The Trade of Nostalgia

Stories like this, sudden and bloody, of nostalgia and affection for what was lost. People who talk about what they didn’t have and what they wanted. (DC)
    • With this text, the author, originally from Villa Clara, inaugurates his collaboration with ’14ymedio’. He requested asylum in Spain after giving up the Italo Calvino Award for El fin del juego (The End of the Game).

14ymedio bigger14ymedio, Xavier Carbonell, Salamanca, 27 February 2022 — I have him in front of me, calm and austere, in a café in Madrid. He is a hard-boned guy with an old jacket and a broken nose, as a reminder of an old fight. Your country is not easy – he tells me – I tried to stow away there several times, to find out. To understand. Once I arrived along the coast — he pauses and sips his tea — with a new passport and on a boat.

Those were the hard years, and to see myself with so and so should be in a hotel, publicly. I had been a war correspondent and had a nose for who was watching me. After interviewing one of those characters, an exceptional and dangerous man, a waiter recognized me and I stormed out of there. The car was going full throttle and behind it the police, howling like in the movies. Traffic lights magically turned green.

I eluded them, but a few days later they managed to grab me alive and gave me a most educational beating. In a briefcase was my camera and other equipment. They took everything, including the deferred seaman’s passport.

I arrived at my embassy with a blood-stained shirt and a boxer’s face. They gave me a piece of paper with which I could file the complaint. The station secretary, a skinny and skittish girl, was waiting for her boss’s look to type the statement. What would those chimpanzees, with their rudiments of Havana karate, imagine I was carrying the cassettes of my report hidden under the seat of the car?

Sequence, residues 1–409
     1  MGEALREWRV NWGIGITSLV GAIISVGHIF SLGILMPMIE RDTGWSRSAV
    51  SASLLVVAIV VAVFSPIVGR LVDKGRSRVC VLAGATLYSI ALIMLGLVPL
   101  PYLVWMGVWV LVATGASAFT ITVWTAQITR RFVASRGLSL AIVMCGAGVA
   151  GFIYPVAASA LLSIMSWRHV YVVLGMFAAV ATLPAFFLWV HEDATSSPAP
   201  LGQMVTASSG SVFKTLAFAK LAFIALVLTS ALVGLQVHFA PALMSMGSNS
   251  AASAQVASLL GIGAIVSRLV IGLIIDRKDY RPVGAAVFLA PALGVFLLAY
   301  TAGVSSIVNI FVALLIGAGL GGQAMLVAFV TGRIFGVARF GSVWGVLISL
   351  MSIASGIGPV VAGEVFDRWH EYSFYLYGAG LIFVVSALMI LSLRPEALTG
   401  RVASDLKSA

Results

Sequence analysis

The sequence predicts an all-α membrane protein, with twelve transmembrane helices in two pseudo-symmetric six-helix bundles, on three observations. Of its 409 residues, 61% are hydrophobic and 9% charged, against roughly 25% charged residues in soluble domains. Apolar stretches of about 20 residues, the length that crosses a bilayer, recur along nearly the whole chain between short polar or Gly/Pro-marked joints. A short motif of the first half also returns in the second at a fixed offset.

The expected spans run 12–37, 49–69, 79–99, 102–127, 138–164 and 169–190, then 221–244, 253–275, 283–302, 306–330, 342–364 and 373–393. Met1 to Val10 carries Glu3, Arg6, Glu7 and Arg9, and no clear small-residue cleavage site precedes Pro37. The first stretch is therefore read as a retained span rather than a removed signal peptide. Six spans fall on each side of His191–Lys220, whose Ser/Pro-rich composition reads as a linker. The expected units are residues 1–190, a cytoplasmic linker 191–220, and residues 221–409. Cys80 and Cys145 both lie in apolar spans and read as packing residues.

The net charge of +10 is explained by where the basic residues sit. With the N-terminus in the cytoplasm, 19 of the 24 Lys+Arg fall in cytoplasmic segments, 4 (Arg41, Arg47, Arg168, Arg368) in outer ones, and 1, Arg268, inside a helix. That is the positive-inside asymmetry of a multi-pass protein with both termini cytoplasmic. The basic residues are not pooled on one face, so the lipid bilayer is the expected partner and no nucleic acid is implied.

You were already an old dog, I tell him. An old dog — he repeats, smiling — just the same. continue reading

In the end I found her again – he adds, as he wraps the scarf around his neck. Who? The secretary of the station, who managed to leave the country and escape from her husband, a guy with airs and contacts who wouldn’t let her leave. But she made it, you see: the world is a handkerchief. She detailed her life to me, as I have now done with you.

If I had to count all the shipwreck stories I’ve ever heard.

Stories like this, sudden and bloody, of nostalgia and affection for what was lost. People who talk about what they didn’t have and what they wanted. People who, like me, have nothing but words and that is what they take everywhere. Words, laughter and cigar smoke – which is what I feel like now, to accompany the conversation of a friend, who says goodbye and hugs me.

I will have to tell this sometime, I say. And that’s what I’m doing here and now. Everything new is timid and, to some extent, crooked. However, I want to make this commitment to writing, calibrate it, measure the limits of my voice. I think of all those who preceded me in the Shipwrecks that give this column its name, coming from the sea and marked by calamity.

The island bites them but also gives them a reason for writing. It offers them small consolations: cigars, books, friendship, the rituals of good eating, the enigma of the Creole phrase, a whole literature and a destiny. In short, it offers them nostalgia as a trade and words as anesthesia.

I am going to talk about all this, if you allow me to place here the only valuable thing I have: my memory and the memory of others, which I have accessed through voice and books. Shipwrecks of existence that end up on paper, mediated by tobacco and rum that warms the soul, as in Conrad’s novels.

Here we will see each other – I hope – from time to time, in this room that I would like to imagine as an antique shop or a cafe. Two armchairs to talk, an ashtray to flick the words into and soft music, if possible a bolero. This being the case – with a good wind and better fortune – this shipwreck will not be so bitter.


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